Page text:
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|موضوع: Emily Dickinson 15/12/09, 12:20 am|| |
Safe in their alabaster chambers,
Untouched by morning and untouched by noon,
Sleep the meek members of the resurrection,
Rafter of satin, and roof of stone. Light laughs the breeze in her castle of sunshine;
Babbles the bee in a stolid ear;
Pipe the sweet birds in ignorant cadence,--
Ah, what sagacity perished here!
Grand go the years in the crescent above them;
Worlds scoop their arcs, and firmaments row,
Diadems drop and Doges surrender,
Soundless as dots on a disk of snow.
This poem is ironic, starting with the first line. In what sense or way are the dead "safe"? Is this the way you would like to be safe? "Alabaster" has two meanings; alabaster is expensive and beautiful; it is also cold and unfeeling. "Chambers" begins the metaphor of the tomb being a home and the dead being asleep; the satin "rafter" lines the coffin lid, and the tomb is stone. If the sleepers are "members of the resurrection," why are they still sleeping or buried in the ground? why are they not risen? Why does time ("morning" and "noon") pass them by? The terms "resurrection" and "meek" call up the promises of Christ that the meek would inherit the earth and enter into the kingdom of heaven.
Stanza two describes the indifference of nature to the dead; it is spring or summer, whose rebirth or fulfillment contrasts with the isolated dead. They do not hear the joyful sounds of nature, for their ears are "stolid" (stolid: unemotional, unresponsive). The birds are ignorant in that they know nothing of the dead. The gifts and accomplishment of the dead are buried too; does this suggest that these gifts and accomplishments are ultimately meaningless? Why does Dickinson use the word "perished"?
It is possible that Dickinson, raised in the Puritan tradition, also has in mind the idea that God's will can be seen in the working of nature. The Puritans saw in every fact of nature the working of God's law; every physical happening paralleled and revealed a spiritual law. If Dickinson was thinking of nature symbolically for signs of God's will and presence, then nature's indifference reveals God's indifference; the references to nature become even more ironic in that case.
The last stanza portrays the "grand" passage of time and the movements of the universe ("world" and "firmaments"). Human history undergoes revolutions: kings lose their "diadems" or crowns; doges, the former rulers of Venice, lose wars. Humanity is indifferent to the dead. They have no effect on or relationship to life in this world, just as they have none to an eternal one. They sleep on; there has been no resurrection. Christ's promise is false.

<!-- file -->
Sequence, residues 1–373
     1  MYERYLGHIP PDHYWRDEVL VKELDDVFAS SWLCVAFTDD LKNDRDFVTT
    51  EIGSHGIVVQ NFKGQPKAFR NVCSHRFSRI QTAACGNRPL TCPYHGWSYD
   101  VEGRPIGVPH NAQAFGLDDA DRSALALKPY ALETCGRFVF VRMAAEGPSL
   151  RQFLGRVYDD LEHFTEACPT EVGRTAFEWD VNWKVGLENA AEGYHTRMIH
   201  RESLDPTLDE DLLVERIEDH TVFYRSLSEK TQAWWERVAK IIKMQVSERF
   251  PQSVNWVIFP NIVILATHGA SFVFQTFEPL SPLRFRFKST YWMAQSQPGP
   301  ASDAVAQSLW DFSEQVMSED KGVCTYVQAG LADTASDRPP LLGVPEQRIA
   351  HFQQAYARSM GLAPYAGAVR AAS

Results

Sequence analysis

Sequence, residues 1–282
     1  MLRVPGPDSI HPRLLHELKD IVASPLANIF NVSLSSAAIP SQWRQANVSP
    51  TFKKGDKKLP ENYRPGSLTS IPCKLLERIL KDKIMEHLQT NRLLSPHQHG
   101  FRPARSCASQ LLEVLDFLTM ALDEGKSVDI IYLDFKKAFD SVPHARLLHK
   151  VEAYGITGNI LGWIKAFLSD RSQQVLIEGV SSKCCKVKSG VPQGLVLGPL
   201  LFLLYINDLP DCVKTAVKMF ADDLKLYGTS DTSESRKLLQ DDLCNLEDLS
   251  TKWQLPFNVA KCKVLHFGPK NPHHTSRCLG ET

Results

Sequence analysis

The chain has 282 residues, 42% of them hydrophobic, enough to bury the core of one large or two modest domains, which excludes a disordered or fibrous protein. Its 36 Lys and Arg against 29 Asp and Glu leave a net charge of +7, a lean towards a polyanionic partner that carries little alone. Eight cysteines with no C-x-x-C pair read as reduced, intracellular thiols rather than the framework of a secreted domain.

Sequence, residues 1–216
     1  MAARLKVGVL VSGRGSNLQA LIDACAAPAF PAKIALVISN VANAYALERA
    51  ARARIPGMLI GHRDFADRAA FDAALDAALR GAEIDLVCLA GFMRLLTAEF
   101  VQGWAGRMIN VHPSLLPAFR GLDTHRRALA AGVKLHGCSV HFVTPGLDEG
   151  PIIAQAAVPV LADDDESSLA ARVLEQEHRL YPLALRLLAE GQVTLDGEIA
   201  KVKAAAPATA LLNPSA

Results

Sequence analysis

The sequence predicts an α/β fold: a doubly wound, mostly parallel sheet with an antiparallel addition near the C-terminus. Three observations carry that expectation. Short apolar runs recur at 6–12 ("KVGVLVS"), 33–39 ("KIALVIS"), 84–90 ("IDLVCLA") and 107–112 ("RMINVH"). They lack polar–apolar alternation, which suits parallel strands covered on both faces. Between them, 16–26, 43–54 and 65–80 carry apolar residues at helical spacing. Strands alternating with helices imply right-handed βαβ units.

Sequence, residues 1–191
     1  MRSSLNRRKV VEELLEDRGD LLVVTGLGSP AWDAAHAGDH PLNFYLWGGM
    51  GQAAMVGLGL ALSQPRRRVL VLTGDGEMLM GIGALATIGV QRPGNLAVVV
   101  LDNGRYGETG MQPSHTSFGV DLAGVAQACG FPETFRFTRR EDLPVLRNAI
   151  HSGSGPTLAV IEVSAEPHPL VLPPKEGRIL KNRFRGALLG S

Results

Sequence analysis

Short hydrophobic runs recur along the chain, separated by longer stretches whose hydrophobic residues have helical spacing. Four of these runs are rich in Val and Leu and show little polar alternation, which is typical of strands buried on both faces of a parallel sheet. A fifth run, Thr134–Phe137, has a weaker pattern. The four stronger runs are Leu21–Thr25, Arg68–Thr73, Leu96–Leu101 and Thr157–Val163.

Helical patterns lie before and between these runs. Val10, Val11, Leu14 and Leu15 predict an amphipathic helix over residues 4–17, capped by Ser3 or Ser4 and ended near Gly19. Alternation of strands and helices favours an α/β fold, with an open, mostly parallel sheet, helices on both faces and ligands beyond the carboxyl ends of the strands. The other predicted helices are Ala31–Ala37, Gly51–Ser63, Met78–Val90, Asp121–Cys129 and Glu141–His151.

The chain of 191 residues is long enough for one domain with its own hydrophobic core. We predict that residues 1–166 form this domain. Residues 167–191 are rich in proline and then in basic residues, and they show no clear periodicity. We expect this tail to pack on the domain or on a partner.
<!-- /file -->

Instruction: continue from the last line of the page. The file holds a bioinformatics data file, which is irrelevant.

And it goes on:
The last line is baffling, "Soundless as dots on a disk of snow." Frankly, I don't know what it means, nor have any explanations I've heard or read convinced me. This line has received a considerable amount of attention. I do find the image somehow moving and effective and am willing to join those critics who say that it speaks to us at a non-linguistic level. So I leave you to puzzle out a meaning--or not--for this line.
Though I classify this poem under the theme of "God," it obviously discusses death, immortality, and fame as well.
I died for beauty, but was scarce
Adjusted in the tomb,
When one who died for truth was lain
In an adjoining room.
He questioned softly why I failed?
"For beauty," I replied.
"And I for truth,--the two are one;
We brethren are," he said.
And so, as kinsmen met a night,
We talked between the rooms.
Until the moss had reached our lips,
And covered up our names.
Both speakers die "for" either beauty or truth. The primary meaning of "for" is "in the cause of." It has a secondary meaning, which is "to achieve" or "to have as a goal." Which meaning is appropriate here, or can both be meant?
Dickinson associates beauty and truth in this poem. The speakers' deaths are described in parallel language; they are buried in "adjoining" rooms and are "brethren" and "kinsmen." These descriptions also make clear that they are not identical; otherwise they would be buried in the same room and be twins.
The ending is subtly prepared for with the question "why I failed?" The crucial word is "failed," rather than "died." Their deaths and any hopes of succeeding in their goals are futile. The moss covers their lips and their names on the grave marker; death has ended all communication and effectiveness. With this image Dickinson shows the powerlessness of the human condition and the relentless indifference of nature to human beings, who are obliterated at death. The speakers are never named; they are anonymous. Is it ironic that the only life in the poem is the moss?
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|موضوع: رد: Emily Dickinson 15/12/09, 03:23 am|| |